“Sit down with me, I don’t bite, I’m a normal bloke” Ukrainian President to Putin


Ukraine’s President Volodymyr Zelensky has this evening called on his Russian counterpart Vladimir Putin to sit down with him at the negotiating table in person during another impassioned television appearance.

Zelensky’s comments came as Putin’s forces continued their brutal assault on several of Ukraine’s cities, and on the same day negotiations between the two sides made little progress in deescalating the deadly war.

In an appeal to his Russian counterpart, Zelensky said: ‘Get off our land. You don’t want to leave now? Then sit down with me at the negotiation table. I’m available. Sit. Just not 30 metres away like with Macron or Scholz etc. I am your neighbour. You don’t need to keep me 30 metres away.

‘I don’t bite. I’m a normal bloke. Sit down with me and talk. What are you afraid of? We aren’t threatening anyone, we’re not terrorists, we aren’t seizing banks and seizing foreign land.’

Earlier today, Putin branded Ukrainians ‘extreme gangsters’, claimed their army is using civilians as ‘human shields’, hailed his soldiers as heroes who are fighting to save innocent lives and said his invasion is going exactly to plan and schedule in a stunning act of hypocrisy and outright denial.

The Russian leader, who eight days ago declared all-out war against Ukraine in a bid to topple its elected government and reunify it with Russia by force, denied that his troops are deliberately targeting civilians – despite reams of evidence to the contrary – and instead blamed ‘neo-Nazis’ holding citizens hostage.

Ukrainian President Volodymyr Zelensky gestures as he speaks during a press conference in Kyiv
Ukrainian President Volodymyr Zelensky gestures as he speaks during a press conference in Kyiv

Referring to the invasion as a ‘special operation’ aimed only at protecting the eastern Donbass region, he acknowledged that some Russian forces including a senior commander had died in the fighting – but claimed the officer had blown himself up in a heroic act of sacrifice while taking out several Ukrainian soldiers.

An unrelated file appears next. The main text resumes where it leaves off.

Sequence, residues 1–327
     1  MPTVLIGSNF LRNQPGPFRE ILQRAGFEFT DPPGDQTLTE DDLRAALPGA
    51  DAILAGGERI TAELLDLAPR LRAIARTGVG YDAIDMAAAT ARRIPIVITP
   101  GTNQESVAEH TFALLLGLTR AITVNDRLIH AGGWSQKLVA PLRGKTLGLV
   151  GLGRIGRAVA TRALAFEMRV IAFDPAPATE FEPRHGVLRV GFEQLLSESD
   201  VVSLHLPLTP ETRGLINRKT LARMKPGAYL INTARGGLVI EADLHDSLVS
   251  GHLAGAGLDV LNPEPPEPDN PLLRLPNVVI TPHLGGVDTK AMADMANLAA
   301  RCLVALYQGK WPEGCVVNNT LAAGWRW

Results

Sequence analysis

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The address, one of the first Putin has made in public since announcing the start of his ‘special operation’ eight days ago – will do little to reassure anyone that the war is close to being over, or that Russia can be brought to the negotiating table without more blood being shed.

But it also hints that Putin is rattled as the fighting proves harder than Russian commanders anticipated, and western sanctions go harder and deeper than even European or American observers predicted. All hope of a swift victory has now been dashed, leaving Putin facing a long, bloody and expensive war to achieve his aims.

Zelensky’s subsequent comments came in during a press conference in Kyiv and in response to a reporter’s question on what ‘guarantees’ Ukraine can offer.

‘Guarantees for what?’ Zelensky fired back at the interviewer in Russian. ‘We aren’t attacking Russia and we have no intention of doing so. Guarantee what? We aren’t in NATO. We don’t have nuclear weapons. What am I supposed to say, what am I supposed to give, and to whom?

Russian President Vladimir Putin issues assessments during his meeting with the officials of Security Council of Russia, on March 03, 2022 in Moscow
Russian President Vladimir Putin issues assessments during his meeting with the officials of Security Council of Russia, on March 03, 2022 in Moscow

‘You must understand – this is also a huge thing that everybody is talking about – what am I supposed to give? Jesus, what do you want from us?!’

Ukraine’s president, who has become an inspirational figure both at home and abroad for his defiance in the face of Russian aggression, also called on the West to supply planes to help his military control the skies. It came after NATO members ruled out enforcing a no-fly zone over Ukraine for fear of igniting World War Three.

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‘If you do not have the power to close the skies, then give me planes!’ Zelensky told a news conference. ‘If we are no more then, God forbid, Latvia, Lithuania, Estonia will be next,’ he said, adding that direct talks with Putin were ‘the only way to stop this war’.

Zelensky – who just weeks ago sought to calm Ukrainians over US allegations that Russia was planning to invade his country – said: ‘Nobody thought that in the modern world a man can behave like a beast.’

Soon after Putin’s address, Ukraine announced that it has agreed with Russia to create safe corridors – backed by ceasefires – to evacuate civilians and deliver aid to areas under attack by Russian forces. Russian negotiator Vladimir Medinsky also said the agreement had been made during talks, describing it as ‘substantial progress’.

The agreement was the only tangible progress from a second round of talks between Moscow and Kyiv, according to an adviser to Ukraine’s President Volodymyr Zelensky, and it was not immediately clear how they would work.

Negotiators from Ukraine and Russia said afterwards that a third round of talks on the war will be held shortly.

So far, more than one million people have fled Ukraine as Putin’s armies have laid waste to key cities.

Meanwhile the Russian economy is tanking with the ruble at record lows, the stock market unable to open because it faces near-total collapse, and European countries seizing assets from billionaire oligarchs. Protests have also sprung up in Russia, coupled with high-profile political figures and celebrities calling for the war to end.

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